Based on unemployment rates, rural economies appear to be recovering from the great recession. Moreover, plenty of anecdotal and other data provides evidence that many rural employers have jobs available and no one to fill them.
At the same time, the most recent American Community Survey data documents more than 1.5 million rural residents who are working poor – meaning they are working but earning below the federal poverty rate, and living one emergency away from losing their job. Other would-be rural employees aren’t filling the vacant jobs because they lack training or can’t manage their family commitments while working the hours employers require.
What to do in these situations? Rural business, non-profit and education innovators are implementing strategies to help rural residents earn credentials for better jobs in their future, access the services they need outside of work to land and keep a job, and stabilize the family finances and situations of rural employees so they can start saving and planning to get ahead. The result is good not just for rural employees, but for their families, area businesses and the economy overall.
ARO’s October dialogue will highlight a range of rural-grown innovations to help families get into and get ahead in rural jobs.
Danielle Paquette, Reporter, Washington Post
Paquette addresses the intersection of people and policy for the Washington Post, covering topics from wage gaps to child care to business recruitment. Hailing from Indianapolis, she has previously worked for the Tampa Bay Times, the Los Angeles Times and CNN.
Employer Resource Networks: Rural Businesses Band Together to Help Employees Do Better
Lynne Russell, Executive Director, United Way of Mason County, Michigan
Ludington, Michigan – Too often, financial crises and life events can sabotage an employee’s ability to stay focused and on the job. Barriers like financial emergencies, unreliable transportation and family health crises can threaten an employee’s ability to stay on the job – and contribute to attrition and turnover. Finding and training new employees costs businesses a lot in time and money. In rural Michigan, the local United Way and employers have come together to set up the Lakeshore Employer Resource Network (ERN) of Mason County. In ERNs, local businesses jointly sponsor a circuit-riding success coach who helps employees in the participating businesses find essential services like affordable housing and child and dependent care. The coaches also help workers manage through financial crises, including offering an instant loan product that helps families improve credit scores and build an emergency fund. In Mason County, 12 ERN employers are now providing these services to 20% of the county’s workforce – and saving money while doing it!
Boosting Educational Attainment in a Boom and Bust Economy
Greg Williams, President, Odessa College, Texas
Odessa, Texas – In West Texas, oil remains the largest economic driver even though times are changing. But because of oil jobs, work requiring a degree doesn’t always pay more. Convincing workers that pursing college degrees, certification programs, and additional training is a smart bet for the long run is a challenge. Odessa College, the region’s community college, took a look at the economy and itself, and instituted program innovations that are successfully growing enrollment and improving student outcomes. To recruit and keep students engaged, Odessa has shrunk the typical term from 16 weeks to eight weeks. They’ve implemented a Drop Rate Improvement Program that encourages faculty to interact directly with students, address behavior challenges early, and meet students one-on-one. Together, these approaches cut course drop rates six-fold and doubled Odessa’s completion rate – setting up Odessa’s students to succeed in the region’s changing economy.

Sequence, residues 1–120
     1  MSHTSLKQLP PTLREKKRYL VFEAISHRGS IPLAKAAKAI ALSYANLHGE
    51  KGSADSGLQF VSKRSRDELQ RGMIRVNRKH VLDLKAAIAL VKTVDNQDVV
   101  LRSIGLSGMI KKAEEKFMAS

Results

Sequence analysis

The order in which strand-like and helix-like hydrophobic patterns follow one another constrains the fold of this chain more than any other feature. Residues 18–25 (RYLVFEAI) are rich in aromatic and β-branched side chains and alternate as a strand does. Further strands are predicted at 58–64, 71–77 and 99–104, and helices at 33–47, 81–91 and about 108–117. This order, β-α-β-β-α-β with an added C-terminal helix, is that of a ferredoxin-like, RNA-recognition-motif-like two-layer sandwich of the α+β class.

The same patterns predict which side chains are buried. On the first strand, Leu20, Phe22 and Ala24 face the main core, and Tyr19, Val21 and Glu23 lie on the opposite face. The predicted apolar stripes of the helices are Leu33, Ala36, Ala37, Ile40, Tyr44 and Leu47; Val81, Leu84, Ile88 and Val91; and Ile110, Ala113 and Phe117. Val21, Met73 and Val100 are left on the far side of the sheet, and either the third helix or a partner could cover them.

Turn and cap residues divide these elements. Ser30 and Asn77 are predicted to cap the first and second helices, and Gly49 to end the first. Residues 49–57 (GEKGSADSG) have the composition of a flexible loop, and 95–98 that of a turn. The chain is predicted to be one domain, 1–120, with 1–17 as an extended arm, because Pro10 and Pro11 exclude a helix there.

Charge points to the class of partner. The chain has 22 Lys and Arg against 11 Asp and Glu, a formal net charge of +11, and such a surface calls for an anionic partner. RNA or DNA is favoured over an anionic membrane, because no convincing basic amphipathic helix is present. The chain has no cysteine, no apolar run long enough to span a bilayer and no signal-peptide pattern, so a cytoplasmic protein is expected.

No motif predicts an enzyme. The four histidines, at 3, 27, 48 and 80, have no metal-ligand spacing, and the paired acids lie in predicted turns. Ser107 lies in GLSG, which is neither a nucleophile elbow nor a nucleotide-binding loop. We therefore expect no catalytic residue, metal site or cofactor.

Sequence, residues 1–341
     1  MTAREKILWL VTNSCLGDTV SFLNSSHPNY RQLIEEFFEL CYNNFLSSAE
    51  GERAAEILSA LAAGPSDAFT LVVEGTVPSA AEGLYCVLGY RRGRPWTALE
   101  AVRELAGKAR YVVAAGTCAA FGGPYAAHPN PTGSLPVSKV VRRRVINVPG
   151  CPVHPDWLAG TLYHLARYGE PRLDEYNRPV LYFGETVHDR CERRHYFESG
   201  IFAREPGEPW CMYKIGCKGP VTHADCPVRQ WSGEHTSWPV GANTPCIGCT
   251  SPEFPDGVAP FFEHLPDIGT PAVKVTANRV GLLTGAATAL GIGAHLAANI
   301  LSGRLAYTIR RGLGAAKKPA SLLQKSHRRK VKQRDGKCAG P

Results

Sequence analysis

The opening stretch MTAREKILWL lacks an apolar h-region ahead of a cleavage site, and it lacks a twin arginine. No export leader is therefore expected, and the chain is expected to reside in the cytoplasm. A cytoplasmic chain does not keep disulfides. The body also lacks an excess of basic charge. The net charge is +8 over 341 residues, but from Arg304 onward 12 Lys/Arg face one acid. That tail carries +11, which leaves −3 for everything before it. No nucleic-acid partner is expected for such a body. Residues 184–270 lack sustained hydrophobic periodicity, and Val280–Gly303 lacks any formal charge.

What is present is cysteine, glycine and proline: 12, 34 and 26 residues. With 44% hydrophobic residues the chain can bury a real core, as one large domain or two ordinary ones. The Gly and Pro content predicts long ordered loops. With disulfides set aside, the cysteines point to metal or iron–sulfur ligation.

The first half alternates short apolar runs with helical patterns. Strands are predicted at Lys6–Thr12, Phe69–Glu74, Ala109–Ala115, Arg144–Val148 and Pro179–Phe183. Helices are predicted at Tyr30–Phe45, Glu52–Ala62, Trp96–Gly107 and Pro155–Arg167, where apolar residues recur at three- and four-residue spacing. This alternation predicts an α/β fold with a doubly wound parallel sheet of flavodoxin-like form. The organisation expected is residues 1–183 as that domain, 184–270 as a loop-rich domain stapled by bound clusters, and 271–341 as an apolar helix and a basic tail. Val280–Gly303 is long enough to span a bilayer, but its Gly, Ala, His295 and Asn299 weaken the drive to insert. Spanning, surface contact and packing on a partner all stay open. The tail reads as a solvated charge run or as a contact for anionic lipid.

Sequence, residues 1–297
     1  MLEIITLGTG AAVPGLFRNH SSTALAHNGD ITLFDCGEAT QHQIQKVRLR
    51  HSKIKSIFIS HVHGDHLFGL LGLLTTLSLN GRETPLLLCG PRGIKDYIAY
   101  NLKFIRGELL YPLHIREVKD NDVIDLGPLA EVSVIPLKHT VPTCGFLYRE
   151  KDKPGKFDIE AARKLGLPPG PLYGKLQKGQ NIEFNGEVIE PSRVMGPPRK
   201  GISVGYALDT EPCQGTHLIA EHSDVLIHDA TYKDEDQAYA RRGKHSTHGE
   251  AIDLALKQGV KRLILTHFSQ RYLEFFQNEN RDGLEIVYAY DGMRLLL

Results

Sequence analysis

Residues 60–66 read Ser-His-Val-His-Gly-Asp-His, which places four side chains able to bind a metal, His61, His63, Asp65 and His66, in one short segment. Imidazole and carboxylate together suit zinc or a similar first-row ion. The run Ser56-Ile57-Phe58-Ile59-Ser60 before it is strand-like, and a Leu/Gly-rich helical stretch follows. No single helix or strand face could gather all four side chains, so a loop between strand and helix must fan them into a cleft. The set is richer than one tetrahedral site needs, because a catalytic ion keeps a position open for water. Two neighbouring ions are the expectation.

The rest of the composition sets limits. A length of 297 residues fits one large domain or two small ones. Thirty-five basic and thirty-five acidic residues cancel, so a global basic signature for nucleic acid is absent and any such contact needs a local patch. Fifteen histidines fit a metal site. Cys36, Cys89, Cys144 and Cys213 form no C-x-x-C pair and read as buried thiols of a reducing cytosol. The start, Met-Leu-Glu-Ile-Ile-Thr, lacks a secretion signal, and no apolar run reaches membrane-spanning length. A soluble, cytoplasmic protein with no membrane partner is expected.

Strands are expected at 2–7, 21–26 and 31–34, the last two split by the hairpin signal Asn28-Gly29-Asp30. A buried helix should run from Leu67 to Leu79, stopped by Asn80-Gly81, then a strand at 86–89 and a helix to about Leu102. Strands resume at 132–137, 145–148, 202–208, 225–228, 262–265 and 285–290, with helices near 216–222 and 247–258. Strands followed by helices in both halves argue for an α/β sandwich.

The Quiet Rural Crisis: Increasing Child Care Access, Quality and Worker Income
Sheila Hoyle, Executive Director, Southwestern Child Development Commission, North Carolina
Webster, North Carolina – If you spend time with rural families and employers, it’s hard not to see child care as the silver bullet that many rural economies need to do better. Rural employers struggle to find good workers to fill their job openings, at the same time that parents who want to work can’t take a job because of the shortage of affordable, safe, local child care slots during the right hours. It’s hard to supply enough quality child care slots when child care workers are paid so little –many qualifying as working poor. And as a result, too many rural kindergarteners start elementary school already behind. For more than a decade, Southwestern Child Development Commission has been experimenting with programs that show promise in addressing many of these needs. One innovation provides a salary supplement for child care workers; and as an incentive to increase their skills, more highly trained workers receive greater supplements. SCDC’s idea: Through a better trained and better compensated child care workforce, child care slots and quality will increase, children will do better – and so will their parents and local employers.
Documenting the Issues: Rural Data Realities
Beth Mattingly, Director of Research on Vulnerable Families, Carsey School of Public Policy, University of New Hampshire
Beth manages all of Carsey’s policy-relevant research relating to the well-being of vulnerable families and policies that affect the balance the work and family life. Beth is also a research consultant for the Stanford Center on Poverty and Inequality. She has helped develop innovative measures like the California Poverty Measure and research to help understand Hispanic poverty and inequality. Her work has been published in multiple academic journals, and featured in Time Magazine, USA Today, and on National Public Radio.